|This type of Scotch makes for a better |
picture though don’t you think?
ï»¿No, not the Scottish, (fine people though they be) but the Scotch. Not the single malt variety of Scotch either. No, yesterday was St Andrew’s day and that seems good enough reason for this blog to celebrate the Scotch Game. It is a venerable system that is first mentioned by Ercole del Rio in 1750 but which owes its name to a correspondence game played between the Edinburgh and London chess clubs in 1824.
For a very long time the opening lay dormant and slumbering as the players of the 20th century generally thought its waters were too quite to offer the White player any sort of advantage. That assessment was changed forever when Garry Kasparov sprung it on Anatoly Karpov in their 1990 World Championship match which was played in Lyon.
Since then the Scotch has gained a new lease of life as today’s Grandmasters use it as a viable alternative to the well trodden paths of the Spanish.
For me, the Scotch has been a reletively new acquaintance. For many years I exclusively played the Sicilian against 1.e4 but in the last four or five years I have started to insert 1…e5 into my repertoire and that has meant that I’ve had to figure out a way of meeting the Scotch. I have had some excellent results against it (in fact I don’t think I’ve lost against it over the board), and yet I’m beginning to consider playing it with the White pieces too as an altenative to the Italian Game that I usually trot out.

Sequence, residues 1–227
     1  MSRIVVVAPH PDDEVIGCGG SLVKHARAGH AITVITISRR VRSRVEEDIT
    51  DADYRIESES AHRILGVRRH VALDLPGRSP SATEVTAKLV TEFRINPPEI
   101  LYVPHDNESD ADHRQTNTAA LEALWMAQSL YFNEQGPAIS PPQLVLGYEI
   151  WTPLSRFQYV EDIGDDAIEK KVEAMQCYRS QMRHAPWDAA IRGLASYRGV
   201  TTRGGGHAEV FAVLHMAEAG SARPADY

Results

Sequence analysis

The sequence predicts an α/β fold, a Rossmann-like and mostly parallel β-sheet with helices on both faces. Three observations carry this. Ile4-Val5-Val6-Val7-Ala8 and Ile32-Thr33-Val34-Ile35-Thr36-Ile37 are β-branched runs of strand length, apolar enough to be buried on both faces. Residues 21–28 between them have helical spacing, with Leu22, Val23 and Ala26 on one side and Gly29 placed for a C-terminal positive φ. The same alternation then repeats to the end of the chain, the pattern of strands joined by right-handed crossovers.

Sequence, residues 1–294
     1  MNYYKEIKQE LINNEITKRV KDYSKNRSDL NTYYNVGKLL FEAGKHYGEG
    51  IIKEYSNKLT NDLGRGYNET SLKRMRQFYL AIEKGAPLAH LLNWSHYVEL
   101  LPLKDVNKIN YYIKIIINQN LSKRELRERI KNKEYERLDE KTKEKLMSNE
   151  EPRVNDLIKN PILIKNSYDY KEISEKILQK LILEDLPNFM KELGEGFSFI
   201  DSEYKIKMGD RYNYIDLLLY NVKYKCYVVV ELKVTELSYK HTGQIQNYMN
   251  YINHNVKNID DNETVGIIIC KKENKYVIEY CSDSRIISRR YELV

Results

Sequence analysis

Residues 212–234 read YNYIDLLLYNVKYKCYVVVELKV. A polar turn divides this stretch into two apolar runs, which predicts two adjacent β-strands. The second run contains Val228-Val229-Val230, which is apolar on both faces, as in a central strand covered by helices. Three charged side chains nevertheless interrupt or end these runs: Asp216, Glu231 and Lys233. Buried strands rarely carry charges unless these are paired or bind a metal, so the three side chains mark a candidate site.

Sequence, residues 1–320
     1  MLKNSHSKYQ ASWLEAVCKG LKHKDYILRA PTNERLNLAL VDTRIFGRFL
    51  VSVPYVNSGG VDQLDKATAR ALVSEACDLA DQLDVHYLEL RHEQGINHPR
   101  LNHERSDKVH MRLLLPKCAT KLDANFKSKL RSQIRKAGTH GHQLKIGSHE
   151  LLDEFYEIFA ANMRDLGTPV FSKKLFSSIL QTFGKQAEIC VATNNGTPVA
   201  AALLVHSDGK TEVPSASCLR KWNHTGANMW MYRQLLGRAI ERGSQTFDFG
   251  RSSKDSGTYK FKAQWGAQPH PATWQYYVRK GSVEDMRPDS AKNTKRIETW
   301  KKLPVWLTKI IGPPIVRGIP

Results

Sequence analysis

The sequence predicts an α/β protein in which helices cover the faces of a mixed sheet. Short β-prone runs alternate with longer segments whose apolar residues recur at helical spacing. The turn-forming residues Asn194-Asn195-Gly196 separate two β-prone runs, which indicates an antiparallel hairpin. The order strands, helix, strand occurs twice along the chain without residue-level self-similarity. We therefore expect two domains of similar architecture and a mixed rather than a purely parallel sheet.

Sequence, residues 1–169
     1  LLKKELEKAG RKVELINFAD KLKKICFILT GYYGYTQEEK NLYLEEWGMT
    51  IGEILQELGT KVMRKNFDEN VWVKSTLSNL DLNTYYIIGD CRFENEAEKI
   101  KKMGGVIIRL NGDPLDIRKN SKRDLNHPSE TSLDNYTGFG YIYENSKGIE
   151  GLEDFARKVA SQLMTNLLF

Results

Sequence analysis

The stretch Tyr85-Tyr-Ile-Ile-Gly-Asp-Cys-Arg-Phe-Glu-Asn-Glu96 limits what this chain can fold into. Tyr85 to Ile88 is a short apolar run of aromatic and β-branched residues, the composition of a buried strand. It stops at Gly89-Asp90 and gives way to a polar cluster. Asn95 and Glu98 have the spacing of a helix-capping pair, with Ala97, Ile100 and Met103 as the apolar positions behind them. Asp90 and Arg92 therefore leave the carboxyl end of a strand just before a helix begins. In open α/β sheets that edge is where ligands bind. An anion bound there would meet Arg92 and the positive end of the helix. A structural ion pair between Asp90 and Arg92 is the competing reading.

Today I shamelessly offer readers of this blog a couple of my greatest hits against the Scotch which may serve either to recommend or put off members from the opening, who knows.
This first game was played over the board.
And this one was played online.